Irish connection: Is it feasible to build a tunnel to Ireland? Symonds think so and Gareth Davies, the man behind the company's proposal will be on the Symonds stand 611 to explain how advanced techniques developed on the resund crossing make an Irish venture possible. There is also a seminar on the same subject on Wednesday 20 May at 4.15pm in Theatre A. Davies and his colleague John Holland are also happy to talk about the resund scheme and on the stand will be reviewing resund tunnel's progress and discussing how the Symonds team has met and overcome the challenges encountered on the project so far.
Other attractions promised for Civils 98 are:
the company's new Dispute Resolution Service - the first to be offered by a company in the commercial sector and introduced in response to the Housing Grants Construction & Regeneration Act. Chris Miers, the man behind the service, will be on the stand during the afternoon of 19 May to discuss the implications of the Act.
business development director Mike Head will be available to discuss how creative thinking and innovative techniques can improve city environments and ease the burdon on transport infrastructure.
group transport director Peter Mynors will be there to develop the transport theme further.
Course of treatment: Celtic Technologies range of on site and insitu remediation techniques including bioremediation, vacuum extraction and groundwater treatment will be demonstrated on stand 635. Details on the firm's latest contracts including developing a biological treatment strategy for a Derbyshire site contaminated with tar wastes will be available. Celtic is also launching a new contracting division, Celtic Remediation International which will be introduced.
Rigged for the future: Underground boring specialist Allen Watson placed an advert announcing equipment for sale and rumours promptly and wrongly spread of the company's imminent demise. So Allen Watson is using Civils 98 stand 132 to make it clear that it has been selling existing rigs in order to buy state of the art equipment to keep at the forefront of the trenchless technology industry.
Laying the foundations: Taylor Woodrow Foundation's full range of skills will be on show on stand 956, including bored piling, diaphragm walling and grouting methods.
Chair leader: On Wednesday 20th at Civils 98 Jackson Civil Engineering managing director Peter Jackson will be on the company stand 148. Andrews has just been re-elected national chairman of lobby group the Civil Engineering Contractors Association. If you want to talk to him about the company or the CECA, then visit the stand.
On the cards: Software progammes being demonstrated by Card Geotechnics on stand 403 at the show include:
MIDAS for design of methane protection measures
TECHTRAK business management operating system
GOLDFINGER quantified risk assessment package for hazards from landfill gas
ENRAVEL for hazard risk assessment on contaminated land.
Company founder Dr Geoffrey Card is also giving a seminar in Theatre A on Tuesday 19th at 13.15pm looking at the problem of over-conservatism in the design of methane gassing protection systems.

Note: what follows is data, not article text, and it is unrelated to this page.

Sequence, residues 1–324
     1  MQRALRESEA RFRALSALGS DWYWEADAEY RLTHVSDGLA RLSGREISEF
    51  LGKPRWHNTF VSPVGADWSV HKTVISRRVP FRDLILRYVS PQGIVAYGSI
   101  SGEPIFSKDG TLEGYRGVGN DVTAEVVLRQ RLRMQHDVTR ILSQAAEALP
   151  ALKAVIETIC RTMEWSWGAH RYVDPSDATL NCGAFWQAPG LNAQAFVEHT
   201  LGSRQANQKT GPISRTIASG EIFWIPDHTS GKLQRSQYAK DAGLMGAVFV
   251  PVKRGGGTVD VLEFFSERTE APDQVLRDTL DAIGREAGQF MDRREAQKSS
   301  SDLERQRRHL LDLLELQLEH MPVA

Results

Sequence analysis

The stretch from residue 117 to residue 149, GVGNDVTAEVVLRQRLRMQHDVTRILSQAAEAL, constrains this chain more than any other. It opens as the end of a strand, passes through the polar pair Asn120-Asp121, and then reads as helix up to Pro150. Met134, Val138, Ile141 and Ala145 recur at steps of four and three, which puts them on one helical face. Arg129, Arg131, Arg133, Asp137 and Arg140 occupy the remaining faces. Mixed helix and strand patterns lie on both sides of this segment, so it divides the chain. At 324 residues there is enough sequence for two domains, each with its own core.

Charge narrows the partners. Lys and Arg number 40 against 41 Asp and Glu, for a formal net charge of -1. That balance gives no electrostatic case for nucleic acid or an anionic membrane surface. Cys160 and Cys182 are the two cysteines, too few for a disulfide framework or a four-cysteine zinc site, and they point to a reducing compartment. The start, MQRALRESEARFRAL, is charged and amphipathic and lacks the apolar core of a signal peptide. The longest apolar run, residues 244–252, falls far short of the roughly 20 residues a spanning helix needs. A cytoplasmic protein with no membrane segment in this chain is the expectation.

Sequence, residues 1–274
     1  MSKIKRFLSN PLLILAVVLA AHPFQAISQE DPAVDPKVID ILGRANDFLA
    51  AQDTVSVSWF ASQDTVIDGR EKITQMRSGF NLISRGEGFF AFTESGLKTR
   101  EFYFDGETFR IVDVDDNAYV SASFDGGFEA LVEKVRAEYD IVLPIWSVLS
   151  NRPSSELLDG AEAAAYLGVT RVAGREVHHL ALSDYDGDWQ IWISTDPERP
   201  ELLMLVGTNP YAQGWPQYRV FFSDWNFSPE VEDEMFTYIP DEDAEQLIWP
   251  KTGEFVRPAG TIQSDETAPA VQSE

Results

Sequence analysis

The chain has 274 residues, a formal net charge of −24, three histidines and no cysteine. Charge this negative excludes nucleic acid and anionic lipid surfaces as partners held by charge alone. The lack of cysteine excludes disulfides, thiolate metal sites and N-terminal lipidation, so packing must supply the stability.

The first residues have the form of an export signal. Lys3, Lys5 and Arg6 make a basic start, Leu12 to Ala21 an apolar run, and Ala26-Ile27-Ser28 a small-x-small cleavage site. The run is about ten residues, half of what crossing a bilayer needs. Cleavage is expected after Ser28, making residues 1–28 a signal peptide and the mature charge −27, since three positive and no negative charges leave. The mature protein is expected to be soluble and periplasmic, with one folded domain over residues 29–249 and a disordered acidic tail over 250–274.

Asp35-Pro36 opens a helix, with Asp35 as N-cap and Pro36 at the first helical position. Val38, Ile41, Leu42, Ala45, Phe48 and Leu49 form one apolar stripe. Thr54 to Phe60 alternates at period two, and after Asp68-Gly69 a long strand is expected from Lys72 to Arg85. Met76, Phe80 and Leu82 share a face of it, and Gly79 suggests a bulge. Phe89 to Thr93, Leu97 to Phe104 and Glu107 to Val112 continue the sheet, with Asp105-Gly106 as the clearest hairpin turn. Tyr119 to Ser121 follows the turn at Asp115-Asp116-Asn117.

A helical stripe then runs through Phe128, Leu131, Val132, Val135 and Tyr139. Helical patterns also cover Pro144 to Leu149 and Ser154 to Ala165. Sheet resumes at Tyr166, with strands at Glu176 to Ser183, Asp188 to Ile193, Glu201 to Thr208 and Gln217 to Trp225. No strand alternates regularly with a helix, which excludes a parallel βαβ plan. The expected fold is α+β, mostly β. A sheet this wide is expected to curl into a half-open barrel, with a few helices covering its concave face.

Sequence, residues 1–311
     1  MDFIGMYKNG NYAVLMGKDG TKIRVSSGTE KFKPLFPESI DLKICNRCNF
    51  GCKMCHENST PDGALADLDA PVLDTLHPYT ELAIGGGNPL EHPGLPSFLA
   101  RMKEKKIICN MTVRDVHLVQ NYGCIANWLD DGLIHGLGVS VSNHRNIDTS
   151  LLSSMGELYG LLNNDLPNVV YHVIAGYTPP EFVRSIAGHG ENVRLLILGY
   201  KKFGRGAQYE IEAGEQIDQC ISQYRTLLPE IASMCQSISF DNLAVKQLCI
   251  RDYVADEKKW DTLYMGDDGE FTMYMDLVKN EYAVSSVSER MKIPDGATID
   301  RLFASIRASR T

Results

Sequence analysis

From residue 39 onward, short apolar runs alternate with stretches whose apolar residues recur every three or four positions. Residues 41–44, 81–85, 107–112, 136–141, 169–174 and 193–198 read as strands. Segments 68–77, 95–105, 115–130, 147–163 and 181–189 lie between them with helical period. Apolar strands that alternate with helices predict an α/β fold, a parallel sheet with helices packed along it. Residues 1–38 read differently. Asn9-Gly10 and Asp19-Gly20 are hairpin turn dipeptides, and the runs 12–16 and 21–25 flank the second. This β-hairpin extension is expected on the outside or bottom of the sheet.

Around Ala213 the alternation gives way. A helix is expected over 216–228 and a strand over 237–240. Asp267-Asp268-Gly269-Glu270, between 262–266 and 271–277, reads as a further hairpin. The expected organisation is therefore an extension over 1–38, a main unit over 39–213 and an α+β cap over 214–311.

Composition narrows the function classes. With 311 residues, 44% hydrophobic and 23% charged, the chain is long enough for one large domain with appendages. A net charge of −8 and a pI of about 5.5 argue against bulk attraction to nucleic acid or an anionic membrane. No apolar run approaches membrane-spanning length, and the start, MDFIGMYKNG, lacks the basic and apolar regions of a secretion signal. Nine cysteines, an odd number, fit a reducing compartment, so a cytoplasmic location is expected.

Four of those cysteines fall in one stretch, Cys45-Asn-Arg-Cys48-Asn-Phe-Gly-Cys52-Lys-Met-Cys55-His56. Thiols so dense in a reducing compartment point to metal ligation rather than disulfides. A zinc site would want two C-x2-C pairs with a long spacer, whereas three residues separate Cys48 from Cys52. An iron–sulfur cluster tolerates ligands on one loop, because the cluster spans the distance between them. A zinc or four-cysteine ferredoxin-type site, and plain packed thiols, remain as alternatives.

Speaking up: New technologies, latest developments and innovative ideas will all feature, we are promised, on Maunsell's stand 741. Chief executive Peter Head will be speaking at a Civils 98 seminar on advanced composite technology - Theatre A, 11.15am, Wednesday 20 May. Maunsell is also running its own seminar programme at its stand covering
the challenges for the contractors' designer
intelligent transport systems
deterioration of reinforced concrete
cathodic protection and chloride extraction
European standards and Eurocodes.
For more information phone Sylvia Desplace on 0181 663 6565.
Gantry challenge: The Highways Agency is using Civils 98 to unveil a totally new design of gantry - the result of an invitation-only competition. The winning design will be announced at a special seminar in the NEC's Concourse Suite on the morning of Wednesday 20 May.
Four multi-discipline teams were selected by the Agency to enter the competition. The brief was to come up with innovative gantry ideas that would slash the existing £800,000 average cost and reduce the maintenance budget. But the teams also had to keep in mind style and appearance.
'We deliberately chose people who had not designed gantries before to make up the competition teams,' says Highways Agency structures design group architect planner Jon Wallsgrove. 'We wanted some blue sky thinking. And we brought architects, product designers, and lighting experts into the competition as well as engineers.'
The teams which entered what Wallsgrove says are 'very exciting' designs are: Yee Associates and Brown & Root; John McAslan & Partners, Anthony Hunt and Lighting Design Partnership; Maunsell, Foster & Partners and Pearce Traffic; and Symonds Travers Morgan, Atelier One and David Marks Julia Barfield.
They will describe their designs at the HA's own seminar and at the end of the morning session will hear, along with the audience, who is the winner.
It could be lucrative award. First location for the new 'cool' gantries will be the M25 to expand the controlled motorway signal programme but it is intended they will be used all around the country and sold abroad.
NCE will be publishing details on all the designs in its 21 May issue, but if you want to be
ahead of the game go along to the HA seminar on 20 May at Civils 98. To book your place call Katherine Staton at the Highways Agency on 0171 921 4179; fax 2214.
The Highways Agency can be visited on stand 660.